Thursday, March 12, 2015

House Bill 7 Moved Quickly to Help Our Students

Guest Column from State Representative Jim Buchy

Ohio House Bill 7 is a bill I sponsored at the very beginning of this General Assembly that clarifies that scores from this first year of all state assessments, including assessments from the Partnership for Assessment of Readiness for College and Careers (PARCC), cannot be used to determine promotion or granting of credit. The House acted quickly on this legislation and passed it on Wednesday, February 11th with broad support on both sides of the aisle.

Additionally, we saw the Senate pass the bill on Wednesday, March 4th, also in a bipartisan fashion. I believe that this is because we as state legislators see the protection of our students from any ramifications related to state testing as a priority, and not something that can be tied to partisan ideology.

As our students who have taken online assessments look back on this first year of testing, I hope that they hold their heads high, having navigated the first large scale computer test in state history. This is an achievement that is specific to their generation, and I am certainly proud of the work they have done.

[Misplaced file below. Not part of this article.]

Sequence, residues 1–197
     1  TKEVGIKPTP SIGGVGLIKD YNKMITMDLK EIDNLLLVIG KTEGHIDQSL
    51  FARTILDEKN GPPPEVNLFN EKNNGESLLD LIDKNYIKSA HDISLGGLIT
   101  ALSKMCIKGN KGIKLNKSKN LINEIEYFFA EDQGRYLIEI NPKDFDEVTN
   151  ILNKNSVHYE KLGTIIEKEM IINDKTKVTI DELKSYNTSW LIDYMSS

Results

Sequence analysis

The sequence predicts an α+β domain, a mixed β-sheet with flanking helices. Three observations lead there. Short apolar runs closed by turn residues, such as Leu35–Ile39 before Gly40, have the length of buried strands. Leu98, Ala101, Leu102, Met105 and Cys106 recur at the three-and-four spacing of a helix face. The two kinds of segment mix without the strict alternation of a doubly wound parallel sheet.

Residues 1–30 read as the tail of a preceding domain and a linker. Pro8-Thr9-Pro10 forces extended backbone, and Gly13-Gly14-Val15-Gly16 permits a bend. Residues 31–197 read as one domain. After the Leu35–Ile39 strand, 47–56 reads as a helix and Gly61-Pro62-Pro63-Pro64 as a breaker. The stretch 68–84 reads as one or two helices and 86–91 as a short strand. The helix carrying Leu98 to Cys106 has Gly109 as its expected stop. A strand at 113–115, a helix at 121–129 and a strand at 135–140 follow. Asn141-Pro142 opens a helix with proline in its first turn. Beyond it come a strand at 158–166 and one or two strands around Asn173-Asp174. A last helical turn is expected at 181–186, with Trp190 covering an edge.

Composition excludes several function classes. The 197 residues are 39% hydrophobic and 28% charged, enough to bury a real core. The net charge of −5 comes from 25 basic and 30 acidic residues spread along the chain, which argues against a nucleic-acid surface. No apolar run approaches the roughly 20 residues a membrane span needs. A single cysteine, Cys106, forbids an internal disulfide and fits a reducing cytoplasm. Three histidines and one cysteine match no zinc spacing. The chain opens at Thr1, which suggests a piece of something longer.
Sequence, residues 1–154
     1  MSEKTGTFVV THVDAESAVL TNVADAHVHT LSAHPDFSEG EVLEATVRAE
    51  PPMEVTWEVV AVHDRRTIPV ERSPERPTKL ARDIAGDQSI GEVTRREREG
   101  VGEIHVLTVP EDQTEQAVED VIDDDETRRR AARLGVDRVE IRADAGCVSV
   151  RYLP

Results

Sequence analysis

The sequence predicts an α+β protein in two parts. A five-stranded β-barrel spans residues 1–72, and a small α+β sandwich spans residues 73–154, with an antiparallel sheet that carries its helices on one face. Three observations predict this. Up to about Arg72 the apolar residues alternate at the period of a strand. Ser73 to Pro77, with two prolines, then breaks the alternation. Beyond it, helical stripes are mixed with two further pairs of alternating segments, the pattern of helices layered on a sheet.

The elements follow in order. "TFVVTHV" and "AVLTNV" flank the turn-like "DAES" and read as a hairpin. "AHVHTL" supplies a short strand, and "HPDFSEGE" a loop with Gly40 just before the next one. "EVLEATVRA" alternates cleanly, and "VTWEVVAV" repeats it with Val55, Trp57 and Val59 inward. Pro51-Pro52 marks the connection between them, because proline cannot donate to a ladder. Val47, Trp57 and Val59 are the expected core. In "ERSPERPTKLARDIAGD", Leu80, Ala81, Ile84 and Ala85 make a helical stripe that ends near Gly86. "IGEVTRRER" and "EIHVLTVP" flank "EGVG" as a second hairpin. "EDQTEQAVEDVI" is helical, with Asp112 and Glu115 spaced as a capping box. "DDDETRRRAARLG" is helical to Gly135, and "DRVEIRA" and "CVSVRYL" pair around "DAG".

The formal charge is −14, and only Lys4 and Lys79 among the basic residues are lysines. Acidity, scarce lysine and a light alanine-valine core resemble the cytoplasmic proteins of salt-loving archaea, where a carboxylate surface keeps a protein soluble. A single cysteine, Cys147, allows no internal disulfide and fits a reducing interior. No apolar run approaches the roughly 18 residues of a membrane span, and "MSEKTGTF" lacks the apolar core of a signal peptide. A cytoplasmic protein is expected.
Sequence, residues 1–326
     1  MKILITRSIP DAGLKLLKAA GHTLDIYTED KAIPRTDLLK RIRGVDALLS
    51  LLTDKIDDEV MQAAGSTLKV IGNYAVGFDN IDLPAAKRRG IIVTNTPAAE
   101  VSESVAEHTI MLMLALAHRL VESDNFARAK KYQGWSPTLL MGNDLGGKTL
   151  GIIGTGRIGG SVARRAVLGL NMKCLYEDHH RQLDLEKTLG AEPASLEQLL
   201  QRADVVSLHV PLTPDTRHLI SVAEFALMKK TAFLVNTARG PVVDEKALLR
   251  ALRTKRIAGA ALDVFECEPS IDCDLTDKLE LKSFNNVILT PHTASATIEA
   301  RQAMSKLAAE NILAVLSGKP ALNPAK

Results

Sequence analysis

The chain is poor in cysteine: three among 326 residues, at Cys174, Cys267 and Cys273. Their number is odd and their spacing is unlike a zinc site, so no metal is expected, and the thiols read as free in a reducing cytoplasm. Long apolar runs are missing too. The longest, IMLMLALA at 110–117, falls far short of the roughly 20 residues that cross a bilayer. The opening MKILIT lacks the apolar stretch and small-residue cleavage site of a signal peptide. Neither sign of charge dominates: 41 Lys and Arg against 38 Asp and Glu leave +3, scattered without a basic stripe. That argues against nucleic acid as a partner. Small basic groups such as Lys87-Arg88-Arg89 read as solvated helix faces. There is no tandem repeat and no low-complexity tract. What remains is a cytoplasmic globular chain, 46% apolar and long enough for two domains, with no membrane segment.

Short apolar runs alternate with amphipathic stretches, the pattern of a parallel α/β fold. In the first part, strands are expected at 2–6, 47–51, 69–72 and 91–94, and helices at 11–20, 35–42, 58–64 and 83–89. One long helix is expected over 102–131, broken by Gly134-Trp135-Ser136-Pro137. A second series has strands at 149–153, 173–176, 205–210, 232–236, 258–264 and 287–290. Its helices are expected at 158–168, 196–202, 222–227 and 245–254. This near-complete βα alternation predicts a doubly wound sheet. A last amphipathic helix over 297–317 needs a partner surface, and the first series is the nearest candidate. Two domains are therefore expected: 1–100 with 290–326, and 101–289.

This process can be taxing on the teachers, administrators and information technology professionals that service our schools. I believe that the measures we in the state legislature have taken will go on to help them in their work.

Over the years, we have seen our society become more dependent on the computer. Especially when dealing with education, we need to be willing to step back and determine when this is effective and when it is not. A lot of questions have been raised, both in the state government and in the classrooms, as to whether we are ready for this type of testing.

House Bill 7 contains an emergency clause making it effective at the stroke of the governor’s pen. I will be pleased to know this bill ensures that the futures of our children are not impacted by the new experimental testing method. That is the intent of this bill after all, to ensure that the test scores from new tests are not used before we know more about the results.

As always, I would appreciate hearing your feedback on this and any other issues in the state legislature. You can complete a survey at

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